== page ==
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Monday, September 25, 2023
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What’s UB ‘Spirit’ all about?

The unsung heroes of UB’s courts and stadiums

<p>UB Cheerleaders delight fans during a recent men’s basketball game.&nbsp;</p>

UB Cheerleaders delight fans during a recent men’s basketball game. 

The Spectrum’s sports page has long featured athletic greats from basketball stars like Dyaisha Fair to NFL Draft hopefuls like Kodofi Wright. But these athletes play a small part in creating the electric atmosphere that surrounds UB athletic events.

The real heavy lifting is done by UB’s “Spirit Teams.”

UB has five different “Spirit Teams”: Thunder of the East Marching Band, UB Pep Band, True Blue — UB’s student fan section — The Dazzlers dance team and UB Cheer. 


“Let’s! Go! Buff-a-lo!”

These chants wouldn’t exist (at least not in an in-tune way) if it wasn’t for these squads.

“It’s free therapy,” True Blue graphic designer Emma Stanton said. “I scream at the absolute top of my lungs. It’s cool that we’re all being loud together,” Stanton told The Spectrum. 

 These “Spirit Teams” are the hidden backbone of UB Athletics: they give students, fans and athletes alike the perfect atmosphere to bleed blue.

“We bring that college atmosphere,” backstop cheerleader Lindsey Hurlbut said. “You want the students to be proud of where they go to [school]. Like proudly say, ‘I go to the University at Buffalo.’” 

“School spirit helps with that,” marching band president Kwasi Hammond said. 

Their dances, chants and cheers embellish free throws and beautify touchdowns. They give UB’s nearly 400 D-1 athletes that lump-in-the-throat feeling every time they come on or off the court, pitch, pool or track. 

“We bring that UB spirit and pep not only to football games and basketball games, but to people around us when we talk about what we do,” Thunder of the East’s social media manager Thomas Farry said. “I think that the entire UB community shares the love and light with the sports teams.” 

These cheers audibly transform Alumni Arena and UB Stadium into raucous venues, even if the room is only filled with dull claps and dwindling crowds. These student “Spirit Teams” have to be on their A game as much as any of the student athletes they’re hyping up.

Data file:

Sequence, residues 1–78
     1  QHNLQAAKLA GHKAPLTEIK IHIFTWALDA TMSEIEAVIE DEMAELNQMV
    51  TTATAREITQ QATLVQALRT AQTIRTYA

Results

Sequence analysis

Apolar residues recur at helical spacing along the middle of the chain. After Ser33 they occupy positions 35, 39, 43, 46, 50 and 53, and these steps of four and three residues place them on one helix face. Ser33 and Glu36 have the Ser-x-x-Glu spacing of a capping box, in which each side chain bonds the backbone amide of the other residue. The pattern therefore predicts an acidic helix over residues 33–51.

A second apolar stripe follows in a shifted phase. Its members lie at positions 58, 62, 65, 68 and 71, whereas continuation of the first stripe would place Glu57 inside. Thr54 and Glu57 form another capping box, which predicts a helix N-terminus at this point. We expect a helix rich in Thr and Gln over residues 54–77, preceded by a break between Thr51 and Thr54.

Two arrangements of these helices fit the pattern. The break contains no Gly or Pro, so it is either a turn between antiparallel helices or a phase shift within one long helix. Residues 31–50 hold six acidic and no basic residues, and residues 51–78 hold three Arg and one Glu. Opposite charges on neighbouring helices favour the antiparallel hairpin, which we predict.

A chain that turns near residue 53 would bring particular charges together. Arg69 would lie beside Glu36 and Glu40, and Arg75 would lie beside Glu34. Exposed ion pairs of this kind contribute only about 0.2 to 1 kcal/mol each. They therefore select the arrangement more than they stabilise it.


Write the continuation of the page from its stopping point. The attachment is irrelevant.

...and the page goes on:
“At the core of what we’re doing is to be at a sports game to help the athletes feel like we actually care,” True Blue president Alyssa Gomez said. 

We’re “a community,” True Blue photographer Nicholas Lividini added.

The enthusiasm of UB’s “Spirit Teams’’ is matched by their talent and drive. 

“It looks easy because people make it look easy,” Dazzlers dancer Breanna Duchatellier said. 

The height of their kicks, rhythm of their somersaults, virtuosity of their tempos and even volume of their shouts are trained day-in and day-out. 

“It’s fun so it feels effortless some days, but then also it definitely can be a lot of hard work at the start of the season when we’re getting things going,” Farry said. 

High-level athleticism isn’t exclusively reserved for the athletes; the spirit members, too, perform exceedingly powerful feats.

“We are working hard, destroying our bodies too,” Hurlbut said. “We don’t spend our practices working on game material. We spend them working on material that we want to compete with one day.” 

Cheer members aspire to make an impact that goes beyond the sidelines. Cheerleaders at UB dream of making the NCA and NDA College Nationals in Daytona. It’s at this event that the cheerleaders hope to take home a coveted national title and megaphone-clad trophy.

In the same vein, Duchatellier — an award-winning dancer — aspires to perform in the NBA or NFL one day, taking inspiration from the success of the renowned Dallas Cowboys cheerleaders and the bright lights of the Super Bowl Halftime Show. 

“Dance and cheer are all sports as well. We all work hard, we dedicate our time, we have practices all week, we have to learn things so quickly. We have to test our bodies physically, mentally, emotionally,” Duchatellier said.  

Every “Spirit Team” shares in this graft and glory. 

“After a lot of basketball games recently, people will come up to us and say ‘Man you’re a big reason why we come to these games,’” Hammond said.

But with increased recognition comes tremendous commitment. 

True Blue aims to attend as many sports games at UB as they can, while the marching band practices three times per week.